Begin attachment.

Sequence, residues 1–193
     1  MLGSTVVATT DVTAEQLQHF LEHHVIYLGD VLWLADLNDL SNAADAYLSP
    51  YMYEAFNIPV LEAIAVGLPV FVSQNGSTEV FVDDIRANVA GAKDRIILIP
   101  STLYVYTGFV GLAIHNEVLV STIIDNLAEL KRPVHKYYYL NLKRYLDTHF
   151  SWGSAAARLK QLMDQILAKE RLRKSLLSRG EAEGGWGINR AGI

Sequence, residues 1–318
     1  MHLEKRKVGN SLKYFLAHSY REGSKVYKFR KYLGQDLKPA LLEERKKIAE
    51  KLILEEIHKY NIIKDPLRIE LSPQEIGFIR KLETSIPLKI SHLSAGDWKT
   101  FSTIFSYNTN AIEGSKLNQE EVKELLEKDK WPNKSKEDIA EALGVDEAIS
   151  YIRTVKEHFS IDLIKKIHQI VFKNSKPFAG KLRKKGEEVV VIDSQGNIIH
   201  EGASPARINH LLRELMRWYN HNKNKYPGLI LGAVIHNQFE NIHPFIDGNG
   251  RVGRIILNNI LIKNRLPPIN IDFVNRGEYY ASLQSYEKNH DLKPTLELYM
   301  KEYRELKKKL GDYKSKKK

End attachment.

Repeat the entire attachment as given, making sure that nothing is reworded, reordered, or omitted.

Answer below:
Sequence, residues 1–193
     1  MLGSTVVATT DVTAEQLQHF LEHHVIYLGD VLWLADLNDL SNAADAYLSP
    51  YMYEAFNIPV LEAIAVGLPV FVSQNGSTEV FVDDIRANVA GAKDRIILIP
   101  STLYVYTGFV GLAIHNEVLV STIIDNLAEL KRPVHKYYYL NLKRYLDTHF
   151  SWGSAAARLK QLMDQILAKE RLRKSLLSRG EAEGGWGINR AGI

Sequence, residues 1–318
     1  MHLEKRKVGN SLKYFLAHSY REGSKVYKFR KYLGQDLKPA LLEERKKIAE
    51  KLILEEIHKY NIIKDPLRIE LSPQEIGFIR KLETSIPLKI SHLSAGDWKT
   101  FSTIFSYNTN AIEGSKLNQE EVKELLEKDK WPNKSKEDIA EALGVDEAIS
   151  YIRTVKEHFS IDLIKKIHQI VFKNSKPFAG KLRKKGEEVV VIDSQGNIIH
   201  EGASPARINH LLRELMRWYN HNKNKYPGLI LGAVIHNQFE NIHPFIDGNG
   251  RVGRIILNNI LIKNRLPPIN IDFVNRGEYY ASLQSYEKNH DLKPTLELYM
   301  KEYRELKKKL GDYKSKKK